2018 Keynote Presentation
Community Integration is Life, Not a Program
Speaker: Mike Oxford, Executive Director, Topeka Independent Living Resource Center
Mike will share a personal journey of three and a half decades through a nexus of programming, policy and grassroots advocacy for long term services and supports.
This history, which includes civil rights based advocacy, has culminated in efforts that include legislation that creates mandatory Long Term Services and Supports (LTS&S) in an integrated community. The "Disability Integration Act" of 2017 is landmark legislation that strengthens the 1999 Supreme Court's Olmstead decision's integration mandate, especially for individuals in institutions who may not directly benefit from the Americans with Disabilities Act.
Mike Oxford has been an active member and organizer in the disability rights movement for 34 years. For the past 24 years, he has been the Executive Director of the Topeka Independent Living Resource Center. He is co-founder of the Kansas ADAPT Chapter, and a national ADAPT organizer. He has been involved in research, consulting and advocacy to foster consumer control of home and community long term services and supports and to create a permanent, national, mandatory home and community service and supports program for many years.
Mike served on the Board of the National Council on Independent Living (NCIL) for 9 years. He is a past president of NCIL, having served two terms in that position. Mike served six years on the Board of Directors with the Disability Rights Center (DRC) of Kansas, the state of Kansas’ Protection and Advocacy organization, and also served as the Board President of the Atlantis Community in Denver, CO, from 2005 through 2008. Mike also served on the Kansas Association of Centers of Independent Living (KACIL) Board of Directors and the Statewide Independent Living Counsel of Kansas (SILCK) as Treasurer.
Mike is involved in national efforts to promote choice, independence and freedom for people with disabilities through his work with the University of California/San Francisco Community Living Policy Center and by helping to draft language for national personal supports legislation such as Community First Choice Option that passed as part of the Affordable Care Act and the CLASS Act that was ultimately repealed. Most recently he assisted with drafting federal legislation, the Disability Integration Act (DIA). DIA would create a civil right to home and community services and supports as an alternative to institutional placement. This bill was introduced in December of 2015 by Senator Charles Schumer. Mike stays involved with research and training such as involvement with the University of Montana Nursing Home Emancipation grant and involvement with the development of an on-line training curriculum for direct service workers. Mike was asked to join the Centene National Advisory Council tasked with providing input about disability philosophy, perspectives and issues for the corporation. Mike writes and presents all around the country, offering technical assistance for people with disabilities who are organizing, state agencies that are seeking to support people with disabilities in the community, and community partners who are finding new ways to promote choice, independence and freedom for all people.
10:15 - 11:25 Concurrent Session 1
State Legislation: What to Expect in 2018
Brian S. Eng, Esquire, Supervising Attorney, Community Legal Aid Society, Inc.
Laura Waterland, Esquire, Project Director, Disabilities Law Program, Community Legal Aid Society, Inc.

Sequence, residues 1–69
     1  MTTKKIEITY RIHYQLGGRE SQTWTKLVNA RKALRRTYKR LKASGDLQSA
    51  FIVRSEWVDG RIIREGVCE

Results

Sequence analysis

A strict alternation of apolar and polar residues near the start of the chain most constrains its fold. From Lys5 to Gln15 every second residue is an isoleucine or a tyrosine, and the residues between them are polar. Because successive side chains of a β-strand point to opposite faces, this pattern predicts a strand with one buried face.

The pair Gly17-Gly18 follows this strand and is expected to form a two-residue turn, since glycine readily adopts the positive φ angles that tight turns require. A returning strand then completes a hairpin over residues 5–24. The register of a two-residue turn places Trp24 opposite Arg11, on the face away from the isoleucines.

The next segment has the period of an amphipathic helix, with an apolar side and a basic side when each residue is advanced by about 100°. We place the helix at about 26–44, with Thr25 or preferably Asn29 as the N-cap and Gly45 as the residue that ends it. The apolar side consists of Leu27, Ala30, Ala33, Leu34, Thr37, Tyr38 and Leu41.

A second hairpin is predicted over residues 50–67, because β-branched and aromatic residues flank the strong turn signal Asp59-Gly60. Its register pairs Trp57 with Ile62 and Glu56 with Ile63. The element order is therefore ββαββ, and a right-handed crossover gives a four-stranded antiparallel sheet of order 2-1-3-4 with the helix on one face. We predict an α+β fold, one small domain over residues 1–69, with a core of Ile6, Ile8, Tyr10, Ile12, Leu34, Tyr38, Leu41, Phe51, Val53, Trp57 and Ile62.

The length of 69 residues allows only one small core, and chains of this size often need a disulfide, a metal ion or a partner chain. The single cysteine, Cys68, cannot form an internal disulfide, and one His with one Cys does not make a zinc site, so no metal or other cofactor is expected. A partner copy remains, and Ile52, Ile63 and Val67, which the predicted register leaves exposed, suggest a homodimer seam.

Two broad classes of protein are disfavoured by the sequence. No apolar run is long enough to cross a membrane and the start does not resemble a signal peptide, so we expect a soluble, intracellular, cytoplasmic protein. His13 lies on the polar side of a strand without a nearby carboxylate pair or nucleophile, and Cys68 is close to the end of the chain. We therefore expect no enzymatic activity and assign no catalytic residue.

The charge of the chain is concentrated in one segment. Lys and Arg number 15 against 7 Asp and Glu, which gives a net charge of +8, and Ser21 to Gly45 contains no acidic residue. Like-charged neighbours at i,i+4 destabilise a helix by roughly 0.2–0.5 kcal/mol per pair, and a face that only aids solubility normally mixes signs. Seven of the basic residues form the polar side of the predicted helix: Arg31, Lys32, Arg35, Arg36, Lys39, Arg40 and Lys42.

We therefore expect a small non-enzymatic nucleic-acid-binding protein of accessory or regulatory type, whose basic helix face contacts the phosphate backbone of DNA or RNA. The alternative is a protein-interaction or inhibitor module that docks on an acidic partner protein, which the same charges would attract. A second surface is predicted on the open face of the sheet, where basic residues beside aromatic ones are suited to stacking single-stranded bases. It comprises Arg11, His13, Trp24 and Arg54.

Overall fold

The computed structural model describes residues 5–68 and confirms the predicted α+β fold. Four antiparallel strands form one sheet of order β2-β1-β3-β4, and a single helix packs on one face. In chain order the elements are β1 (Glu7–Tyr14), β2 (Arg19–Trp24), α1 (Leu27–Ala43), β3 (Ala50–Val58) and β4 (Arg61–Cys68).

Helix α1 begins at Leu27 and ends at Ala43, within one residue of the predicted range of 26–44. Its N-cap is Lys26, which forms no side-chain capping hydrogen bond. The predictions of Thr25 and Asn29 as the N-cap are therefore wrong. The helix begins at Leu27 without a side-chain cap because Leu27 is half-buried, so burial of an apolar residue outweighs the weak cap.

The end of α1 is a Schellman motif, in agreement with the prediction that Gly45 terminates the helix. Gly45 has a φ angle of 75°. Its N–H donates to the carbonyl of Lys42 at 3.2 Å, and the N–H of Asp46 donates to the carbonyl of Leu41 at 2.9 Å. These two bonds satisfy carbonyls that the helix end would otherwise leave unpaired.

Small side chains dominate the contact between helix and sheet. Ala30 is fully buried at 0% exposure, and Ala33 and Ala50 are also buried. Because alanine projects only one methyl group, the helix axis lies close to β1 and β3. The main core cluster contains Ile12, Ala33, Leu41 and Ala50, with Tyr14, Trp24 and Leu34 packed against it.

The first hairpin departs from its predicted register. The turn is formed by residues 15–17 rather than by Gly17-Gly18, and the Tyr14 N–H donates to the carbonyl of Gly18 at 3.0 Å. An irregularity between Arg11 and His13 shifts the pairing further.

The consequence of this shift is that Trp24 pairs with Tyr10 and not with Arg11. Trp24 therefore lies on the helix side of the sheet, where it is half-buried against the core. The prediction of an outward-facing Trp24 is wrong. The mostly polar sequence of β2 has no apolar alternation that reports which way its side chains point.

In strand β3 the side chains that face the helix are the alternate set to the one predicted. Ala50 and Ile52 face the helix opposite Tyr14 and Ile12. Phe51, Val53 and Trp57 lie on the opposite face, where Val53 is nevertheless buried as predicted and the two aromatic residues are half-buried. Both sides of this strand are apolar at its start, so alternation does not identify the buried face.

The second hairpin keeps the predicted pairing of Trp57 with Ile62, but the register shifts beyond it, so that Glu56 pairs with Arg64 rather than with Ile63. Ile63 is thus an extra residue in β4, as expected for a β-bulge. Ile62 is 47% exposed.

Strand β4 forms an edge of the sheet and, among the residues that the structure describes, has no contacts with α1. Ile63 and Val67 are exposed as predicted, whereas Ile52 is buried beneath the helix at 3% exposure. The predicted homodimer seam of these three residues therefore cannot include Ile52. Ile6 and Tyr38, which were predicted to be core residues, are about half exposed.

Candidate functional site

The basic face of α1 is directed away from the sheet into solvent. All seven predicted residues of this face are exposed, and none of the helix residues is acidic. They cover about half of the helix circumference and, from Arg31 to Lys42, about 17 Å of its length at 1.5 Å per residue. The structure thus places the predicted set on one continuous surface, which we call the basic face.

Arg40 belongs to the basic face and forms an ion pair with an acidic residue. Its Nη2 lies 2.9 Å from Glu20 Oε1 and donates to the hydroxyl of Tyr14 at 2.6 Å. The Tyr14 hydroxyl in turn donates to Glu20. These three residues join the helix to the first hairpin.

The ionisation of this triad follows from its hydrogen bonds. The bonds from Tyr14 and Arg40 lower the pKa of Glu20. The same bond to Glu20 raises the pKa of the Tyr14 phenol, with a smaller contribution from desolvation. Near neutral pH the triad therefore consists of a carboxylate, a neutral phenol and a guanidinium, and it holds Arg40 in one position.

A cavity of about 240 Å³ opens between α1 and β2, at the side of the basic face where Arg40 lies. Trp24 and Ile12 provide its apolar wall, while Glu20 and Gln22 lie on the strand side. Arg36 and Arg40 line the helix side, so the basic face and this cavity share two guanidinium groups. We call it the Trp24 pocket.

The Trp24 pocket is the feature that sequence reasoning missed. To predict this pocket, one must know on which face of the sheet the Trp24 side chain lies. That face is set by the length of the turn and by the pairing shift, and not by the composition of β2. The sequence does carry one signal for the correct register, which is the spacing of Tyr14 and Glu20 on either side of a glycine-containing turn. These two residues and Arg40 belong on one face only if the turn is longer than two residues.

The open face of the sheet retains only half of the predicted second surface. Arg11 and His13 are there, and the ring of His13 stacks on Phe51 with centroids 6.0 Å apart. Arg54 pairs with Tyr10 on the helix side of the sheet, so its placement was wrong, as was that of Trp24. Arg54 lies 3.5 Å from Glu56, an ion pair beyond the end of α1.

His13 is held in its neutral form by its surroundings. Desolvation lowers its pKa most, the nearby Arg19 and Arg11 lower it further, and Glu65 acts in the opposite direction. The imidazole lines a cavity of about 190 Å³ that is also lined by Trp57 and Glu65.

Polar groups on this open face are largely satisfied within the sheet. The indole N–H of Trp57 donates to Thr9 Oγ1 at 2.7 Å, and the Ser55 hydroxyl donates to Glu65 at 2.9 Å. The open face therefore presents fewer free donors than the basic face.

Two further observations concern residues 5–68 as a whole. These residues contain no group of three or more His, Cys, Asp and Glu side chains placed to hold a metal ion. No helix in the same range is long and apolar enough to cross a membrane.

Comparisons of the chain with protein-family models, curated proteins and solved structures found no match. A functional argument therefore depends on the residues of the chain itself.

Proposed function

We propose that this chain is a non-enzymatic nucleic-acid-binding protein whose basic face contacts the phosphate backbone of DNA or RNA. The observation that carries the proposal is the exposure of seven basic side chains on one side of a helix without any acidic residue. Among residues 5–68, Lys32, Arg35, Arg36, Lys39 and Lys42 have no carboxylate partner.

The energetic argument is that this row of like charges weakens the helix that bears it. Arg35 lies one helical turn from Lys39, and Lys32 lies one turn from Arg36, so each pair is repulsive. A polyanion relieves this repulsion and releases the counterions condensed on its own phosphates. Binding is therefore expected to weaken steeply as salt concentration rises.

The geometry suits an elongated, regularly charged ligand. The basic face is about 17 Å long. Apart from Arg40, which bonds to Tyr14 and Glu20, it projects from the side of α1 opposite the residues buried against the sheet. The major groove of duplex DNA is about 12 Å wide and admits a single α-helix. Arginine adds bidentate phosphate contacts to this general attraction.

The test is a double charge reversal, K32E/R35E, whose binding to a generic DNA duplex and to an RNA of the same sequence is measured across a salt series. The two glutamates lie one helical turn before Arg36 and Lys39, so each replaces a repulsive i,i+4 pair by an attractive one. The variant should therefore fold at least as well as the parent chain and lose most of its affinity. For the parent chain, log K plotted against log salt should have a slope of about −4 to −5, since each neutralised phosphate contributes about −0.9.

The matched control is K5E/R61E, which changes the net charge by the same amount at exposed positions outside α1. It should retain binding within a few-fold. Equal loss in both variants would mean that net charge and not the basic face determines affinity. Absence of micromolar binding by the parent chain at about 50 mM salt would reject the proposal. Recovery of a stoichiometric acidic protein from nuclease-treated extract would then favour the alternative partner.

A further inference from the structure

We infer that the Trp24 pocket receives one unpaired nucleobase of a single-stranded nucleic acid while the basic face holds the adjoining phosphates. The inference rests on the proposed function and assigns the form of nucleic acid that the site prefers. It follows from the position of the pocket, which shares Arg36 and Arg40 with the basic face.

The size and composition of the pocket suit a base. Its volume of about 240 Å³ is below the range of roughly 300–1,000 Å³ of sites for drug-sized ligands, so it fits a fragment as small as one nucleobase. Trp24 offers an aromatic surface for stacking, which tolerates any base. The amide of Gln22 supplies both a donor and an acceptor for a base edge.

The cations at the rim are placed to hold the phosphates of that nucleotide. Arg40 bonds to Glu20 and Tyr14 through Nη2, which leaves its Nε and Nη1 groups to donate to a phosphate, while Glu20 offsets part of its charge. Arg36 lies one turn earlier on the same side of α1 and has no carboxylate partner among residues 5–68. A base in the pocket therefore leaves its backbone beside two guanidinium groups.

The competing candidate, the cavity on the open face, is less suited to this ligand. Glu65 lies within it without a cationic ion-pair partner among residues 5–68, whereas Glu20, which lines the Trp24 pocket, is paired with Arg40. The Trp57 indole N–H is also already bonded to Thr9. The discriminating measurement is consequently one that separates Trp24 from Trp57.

This seminar will provide an overview of expected and pending State legislation likely to be considered in 2018 which would impact persons with disabilities. Highlighted bills would include initiatives affecting civil rights, housing, education, health care, financial exploitation, accessible parking, transportation, voting, parental rights, assisted suicide, and disability prevention.
Brian S. Eng, Esquire, is a Supervising Attorney with Community Legal Aid Society, Inc. with responsibilities in the Disabilities Law Program, the Elder Law Program, and the Poverty Law Program. Brian’s practice is focused on disabilities law and manufactured housing rent justification cases. Brian was the 2015 recipient of the Roxana C. Arsht Fellowship and, during law school, served as a Josiah Oliver Wolcott Fellow for the Honorable Jack B. Jacobs of the Delaware Supreme Court. Brian received his Juris Doctor, with honors, from the Widener University School of Law’s Delaware campus (now Delaware Law School) in 2013 and an honors bachelor’s degree in chemical engineering with distinction, with honors, from the University of Delaware in 2001. In between, Brian was ordained as a rabbi, completed a chaplain residency at Christiana Care, and served in various capacities at community synagogues and schools.
Laura Waterland, Esquire, is the incoming Project Director of the Disabilities Law Program. As a staff attorney and supervising attorney, she has worked extensively in the areas of ADA and Fair Housing Act compliance, access to community-based services, as well as advising on policy and legislative initiatives that impact people with disabilities in Delaware. Laura has worked with Community Legal Aid Society since 1990, working in the poverty program and then in the Disabilities Law Program. She received her Juris Doctor from the Marshall-Wythe School of Law at the College of William and Mary, and her B.A. with Honors in Government and History from the College of William and Mary.
Community Legal Aid Society, Inc., founded in 1946, is the largest and oldest civil legal services organization in Delaware. CLASI’s oldest program is its poverty program, which assists clients in housing, domestic violence, and public benefits matters. In addition to its poverty program, CLASI has a number of special programs. Clients may not need to meet income guidelines to qualify. These programs include: the Elder Law Program (assisting ages 60 and up, within priorities); the Disabilities Law Program (assisting people with physical, mental or cognitive disabilities, within priorities); the Fair Housing Program (assisting victims of housing discrimination); the Immigration Program (assisting certain victims of crime and domestic violence); and the Delaware Medical-Legal Partnership (assisting patients of participating health care providers with civil legal needs).